Environment and ‘science’ in the dock at the Hague: the Australian challenge to Japanese whaling

The International Court of Justice concluded oral hearing in the Australia /Japan case on 17 July. At stake is the application of the 1946 International Convention for the Regulation of Whaling, in particular its Article VIII, which permits whaling for ‘scientific purposes’. A sensitive issue, judged inter alia by reports from the hearing.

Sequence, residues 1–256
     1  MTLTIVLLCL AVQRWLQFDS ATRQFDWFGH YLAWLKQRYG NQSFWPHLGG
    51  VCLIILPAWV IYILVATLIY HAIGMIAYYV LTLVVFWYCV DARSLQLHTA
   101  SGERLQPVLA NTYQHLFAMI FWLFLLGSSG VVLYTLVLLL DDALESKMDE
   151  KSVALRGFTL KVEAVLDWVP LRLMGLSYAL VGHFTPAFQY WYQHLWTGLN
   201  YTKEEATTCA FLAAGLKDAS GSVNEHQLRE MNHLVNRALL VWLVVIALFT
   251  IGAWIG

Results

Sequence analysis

It remains to be seen how far the Court will wade into the merits of the debate: for whatever it holds, is likely seriously to upset either of these nations. Much the more attractive, from the ICJ’s point of view, to find a more or less obscure provision in the Treaty, upon which it can hold with a technicality (I am thinking along the lines of the WTO’s Panel in EC Biotech, where a footnote to an Annex in the SPS Agreement came to the rescue).


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